TIM MATTHEWS STAINDL
Volume 10, Issue 12
Shame! Two years as an editor of De Minimis and I’ve never written a single bloody word under my own name – as opposed to the trite inequities that can on occasion be found floating around the back page. So before departing, I thought it best to leave behind a few (four) parting thoughts.
1. De Minimis gets a whole lot of credit it doesn’t deserve
The number of articles written by De Minimis during my time as an Editor can be counted on the toes of a tapir (single leg). Without exception, they were the most uninspiring, uncontroversial, and (unsurprisingly) unclicked submissions that we’ve published – mostly they were ‘Welcomes’ or ‘AGM Notification’s or ‘Desperately calling for submissions’s. I think it’s fair to say that the least successful author of De Minimis is, in fact, De Minimis.
The corollary is that each and every article that has made you laugh, or cry, or think, or add an item to an LSS meeting agenda, was written by… not De Minimis. That’s because (and I do hate to repeat it): “we publish anything that is written by a law student, that is not defamatory or grossly offensive”. And DM is yet to reject a single article over the last two years. It’s a sad realisation actually, one that I came to some time ago, that those four pages are nothing more than an (almost) entirely unregulated community noticeboard. We’re not really even ‘Editors’, we just thought that ‘Online Facilitator’ or ‘Sub-Enabler’ sounded a tad dubious.
So unless it’s about the formatting or choice of image, DM deserves almost no credit whatsoever. Equally though, it bewilders me that on an almost daily basis we get emails and passing comments and Statements of Claim that scream the words ‘bias’ and ‘agenda’. The committee has maintained this open submissions policy – which I was recently told was a ‘convenient party line’ – for the very purpose of avoiding such assertions. DM relies on the students of the MLS to tell the students of the MLS how the students of the MLS are feeling.
Personally, do I think all seminars should be recorded? Nope. Do I think the law ball is an exercise in unjustifiable elitism? Nope, loved all three (and counting). But do I think law students’ views on these issues are relevant to other law students? Fuck yes. And I don’t even sleep with a picture of Senator Leyonhjelm under my pillow.
The only exception to the submissions policy is for anonymous articles – which now require a good reason before publishing. Here’s why I think they should stay: if they go, fewer people will feel free to honestly criticise the MLS, its community, and the industry at large. This isn’t a hypothesis, here is just one example.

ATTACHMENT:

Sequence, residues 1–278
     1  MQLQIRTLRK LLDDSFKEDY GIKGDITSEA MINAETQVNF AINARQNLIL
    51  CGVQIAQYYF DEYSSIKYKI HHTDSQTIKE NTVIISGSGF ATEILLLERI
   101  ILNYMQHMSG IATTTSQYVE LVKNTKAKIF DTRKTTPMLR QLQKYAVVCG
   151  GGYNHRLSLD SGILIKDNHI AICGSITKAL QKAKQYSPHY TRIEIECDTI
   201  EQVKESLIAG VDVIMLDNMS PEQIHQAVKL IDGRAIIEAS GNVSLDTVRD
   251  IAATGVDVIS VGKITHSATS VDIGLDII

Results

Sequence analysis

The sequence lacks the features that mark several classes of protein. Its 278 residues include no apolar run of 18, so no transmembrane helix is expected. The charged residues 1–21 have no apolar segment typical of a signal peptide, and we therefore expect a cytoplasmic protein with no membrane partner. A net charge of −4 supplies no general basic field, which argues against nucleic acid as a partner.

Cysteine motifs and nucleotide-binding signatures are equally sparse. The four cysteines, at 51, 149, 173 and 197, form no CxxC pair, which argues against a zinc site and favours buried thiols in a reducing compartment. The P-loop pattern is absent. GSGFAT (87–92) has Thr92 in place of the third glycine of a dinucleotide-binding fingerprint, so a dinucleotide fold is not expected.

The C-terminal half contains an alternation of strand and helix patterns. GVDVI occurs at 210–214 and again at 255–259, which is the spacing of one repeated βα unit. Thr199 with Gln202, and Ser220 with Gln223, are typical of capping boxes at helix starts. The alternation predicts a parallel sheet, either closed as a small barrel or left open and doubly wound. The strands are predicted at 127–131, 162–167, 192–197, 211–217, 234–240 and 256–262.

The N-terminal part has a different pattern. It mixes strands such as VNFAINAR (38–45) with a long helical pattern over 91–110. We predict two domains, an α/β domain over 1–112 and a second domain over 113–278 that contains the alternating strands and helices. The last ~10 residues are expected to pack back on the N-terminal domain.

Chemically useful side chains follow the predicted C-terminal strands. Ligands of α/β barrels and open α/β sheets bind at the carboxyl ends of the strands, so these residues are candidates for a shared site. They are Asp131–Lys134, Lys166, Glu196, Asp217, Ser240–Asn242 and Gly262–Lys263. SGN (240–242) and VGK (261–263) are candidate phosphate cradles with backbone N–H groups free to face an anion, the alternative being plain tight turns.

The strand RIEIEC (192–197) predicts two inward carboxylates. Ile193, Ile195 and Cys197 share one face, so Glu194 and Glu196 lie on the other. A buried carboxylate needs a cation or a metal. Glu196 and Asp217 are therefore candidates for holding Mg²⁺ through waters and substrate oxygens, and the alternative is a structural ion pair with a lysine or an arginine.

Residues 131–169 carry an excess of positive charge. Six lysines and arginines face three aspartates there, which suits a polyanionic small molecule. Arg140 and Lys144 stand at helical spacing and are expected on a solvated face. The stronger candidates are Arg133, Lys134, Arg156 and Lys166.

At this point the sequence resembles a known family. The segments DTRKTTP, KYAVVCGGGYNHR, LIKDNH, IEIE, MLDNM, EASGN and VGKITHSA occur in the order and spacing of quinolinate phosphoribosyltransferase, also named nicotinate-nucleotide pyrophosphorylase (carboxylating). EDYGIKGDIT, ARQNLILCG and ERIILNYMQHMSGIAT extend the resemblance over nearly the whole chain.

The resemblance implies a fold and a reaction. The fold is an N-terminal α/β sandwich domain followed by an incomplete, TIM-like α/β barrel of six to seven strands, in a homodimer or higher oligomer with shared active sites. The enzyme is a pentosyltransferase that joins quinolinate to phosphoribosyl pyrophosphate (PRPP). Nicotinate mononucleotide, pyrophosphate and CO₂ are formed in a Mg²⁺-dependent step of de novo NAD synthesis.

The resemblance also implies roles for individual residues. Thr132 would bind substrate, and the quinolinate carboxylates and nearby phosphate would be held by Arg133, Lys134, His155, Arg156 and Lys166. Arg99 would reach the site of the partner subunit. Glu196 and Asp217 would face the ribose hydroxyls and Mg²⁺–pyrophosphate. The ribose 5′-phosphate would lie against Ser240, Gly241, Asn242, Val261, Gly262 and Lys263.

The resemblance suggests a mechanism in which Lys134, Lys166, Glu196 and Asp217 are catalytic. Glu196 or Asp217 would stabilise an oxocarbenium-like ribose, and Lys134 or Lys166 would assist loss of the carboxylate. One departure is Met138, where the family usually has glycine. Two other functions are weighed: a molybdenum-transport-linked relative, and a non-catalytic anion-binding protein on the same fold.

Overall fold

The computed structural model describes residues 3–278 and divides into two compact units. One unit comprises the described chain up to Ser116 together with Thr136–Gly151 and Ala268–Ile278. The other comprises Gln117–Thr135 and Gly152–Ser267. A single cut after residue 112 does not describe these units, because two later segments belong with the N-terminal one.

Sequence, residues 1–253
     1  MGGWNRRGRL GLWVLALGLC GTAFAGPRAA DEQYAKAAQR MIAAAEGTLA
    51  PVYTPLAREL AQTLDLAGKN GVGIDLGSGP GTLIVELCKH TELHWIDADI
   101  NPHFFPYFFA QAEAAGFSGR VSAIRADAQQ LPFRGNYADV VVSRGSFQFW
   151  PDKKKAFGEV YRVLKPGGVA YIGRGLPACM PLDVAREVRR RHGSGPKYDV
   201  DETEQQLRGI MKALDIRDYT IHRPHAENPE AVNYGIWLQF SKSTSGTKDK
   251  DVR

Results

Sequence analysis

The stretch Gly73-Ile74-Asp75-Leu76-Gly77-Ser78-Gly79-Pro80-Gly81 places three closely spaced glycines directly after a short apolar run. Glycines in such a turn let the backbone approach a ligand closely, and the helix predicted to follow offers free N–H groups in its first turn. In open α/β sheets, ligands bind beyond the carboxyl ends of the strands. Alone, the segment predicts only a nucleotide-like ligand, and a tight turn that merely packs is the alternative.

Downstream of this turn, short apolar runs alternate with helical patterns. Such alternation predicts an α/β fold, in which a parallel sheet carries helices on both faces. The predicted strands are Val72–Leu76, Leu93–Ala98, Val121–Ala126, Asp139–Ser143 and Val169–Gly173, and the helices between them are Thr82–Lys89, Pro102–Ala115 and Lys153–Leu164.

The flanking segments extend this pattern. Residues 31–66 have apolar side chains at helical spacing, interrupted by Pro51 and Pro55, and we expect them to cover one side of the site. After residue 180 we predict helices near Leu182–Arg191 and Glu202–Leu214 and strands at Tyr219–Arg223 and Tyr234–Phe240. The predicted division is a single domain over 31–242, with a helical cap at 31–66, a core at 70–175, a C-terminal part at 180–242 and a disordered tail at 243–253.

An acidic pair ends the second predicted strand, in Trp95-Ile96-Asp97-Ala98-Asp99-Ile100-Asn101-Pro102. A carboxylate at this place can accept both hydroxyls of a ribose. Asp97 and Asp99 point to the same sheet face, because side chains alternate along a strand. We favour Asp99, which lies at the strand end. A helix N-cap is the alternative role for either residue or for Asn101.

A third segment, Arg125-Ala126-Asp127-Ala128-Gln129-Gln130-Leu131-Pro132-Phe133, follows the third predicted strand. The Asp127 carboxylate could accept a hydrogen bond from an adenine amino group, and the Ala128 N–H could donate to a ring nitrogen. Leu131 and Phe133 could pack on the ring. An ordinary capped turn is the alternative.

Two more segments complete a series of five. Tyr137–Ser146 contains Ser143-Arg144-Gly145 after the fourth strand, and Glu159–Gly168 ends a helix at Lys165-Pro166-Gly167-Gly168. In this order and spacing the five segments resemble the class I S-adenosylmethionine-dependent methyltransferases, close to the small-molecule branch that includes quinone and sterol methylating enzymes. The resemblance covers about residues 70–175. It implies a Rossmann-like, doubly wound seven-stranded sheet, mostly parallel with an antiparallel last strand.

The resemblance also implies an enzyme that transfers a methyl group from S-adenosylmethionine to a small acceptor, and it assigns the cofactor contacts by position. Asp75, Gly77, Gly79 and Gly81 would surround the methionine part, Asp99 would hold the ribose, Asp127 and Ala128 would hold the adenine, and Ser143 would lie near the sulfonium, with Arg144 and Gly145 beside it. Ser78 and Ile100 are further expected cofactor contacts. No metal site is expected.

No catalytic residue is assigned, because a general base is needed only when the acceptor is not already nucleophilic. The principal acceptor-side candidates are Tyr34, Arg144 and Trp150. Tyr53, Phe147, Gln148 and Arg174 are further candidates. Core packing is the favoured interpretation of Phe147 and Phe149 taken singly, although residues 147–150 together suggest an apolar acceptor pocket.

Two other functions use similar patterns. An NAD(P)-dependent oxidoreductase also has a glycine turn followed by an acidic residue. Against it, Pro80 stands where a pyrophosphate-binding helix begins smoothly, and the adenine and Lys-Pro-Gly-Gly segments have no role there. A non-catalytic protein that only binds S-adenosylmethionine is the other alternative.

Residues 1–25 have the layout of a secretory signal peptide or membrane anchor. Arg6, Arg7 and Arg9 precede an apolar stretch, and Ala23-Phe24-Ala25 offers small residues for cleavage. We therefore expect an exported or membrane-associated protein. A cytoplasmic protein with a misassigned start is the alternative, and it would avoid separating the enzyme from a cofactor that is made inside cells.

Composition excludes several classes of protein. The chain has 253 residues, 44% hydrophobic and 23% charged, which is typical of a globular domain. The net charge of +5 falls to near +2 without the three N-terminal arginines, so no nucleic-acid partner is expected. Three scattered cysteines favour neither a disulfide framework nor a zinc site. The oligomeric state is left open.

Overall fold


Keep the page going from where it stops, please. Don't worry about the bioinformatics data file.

In 2015, we were repeatedly asked by the MLS for the name of the author of the article Where’s the Men’s Only Room?’ The Menimists Respond, which satirically criticised the furore over the mere suggestion of a women-only study space in the MLS. Ultimately, the committee was forced to remove the article from the website under threat of academic misconduct. Shame on the MLS. But what would’ve been worse, is if the article were never published in the first place, which is what would’ve happened had we not allowed it to be published anonymously. Much the same can be said of the recent article Dear Prospective MLS Student.
There are real and present issues regarding the information given to law students about their degrees and their futures. I’m not sure there’s anything more worthy of filling the pages of DM.
3. The LSS do a shitload of great work
And De Minimis has published more articles on behalf of the LSS than it has on behalf of De Minimis. DM provides a platform for students to praise, critique, and raise issues with their representatives. Personally, I think the LSS should aim more to publicly question the MLS on the decisions it makes affecting students. To me, that is one of its primary functions. The disappearance of the Student Centre, for example, and the resulting difficulties for students should have been the cause of an absolute fucking uproar - and the LSS should’ve been leading the charge. I think Mourning Allens Linklaters MULSS Yoga poignantly questioned the appropriate bounds of corporate sponsorship. But these criticisms don’t mean I’m not hugely grateful for the opportunities our LSS reps have provided for us during our 3+ years here.
4. Please submit a crossword, a riddle, a limerick, or a picture
The other drawback of an open policy is the potential for saturation on a particular topic. For me it’s ‘well-being’, but I’ve also been told that Law Ball, Library Racism, and various other topics have outstayed their welcome. Something I think we don’t get enough of is not-words - or at least, not-articles. I used to write up crosswords for the back page when we didn’t have enough submissions. This year’s flood of articles rendered my puzzle-maker.com skills redundant, but if you send one in, it’s gotta be published! And who doesn’t like a cheeky crossword to mindlessly fill out during Corps?
Thanks a million to the outgoing Committee (picture below); we've had a fucking ball. And all the best to the DM2017 crew!
Here’s to many more fruitful years for this delightful rag of a ‘newspaper’!
Tim Matthews Staindl is a third-year JD student and the outgoing Online Editor of De Minimis. This article is written in his personal capacity and does not necessarily represent the ‘views of De Minimis’, however oxymoronic those words actually are.
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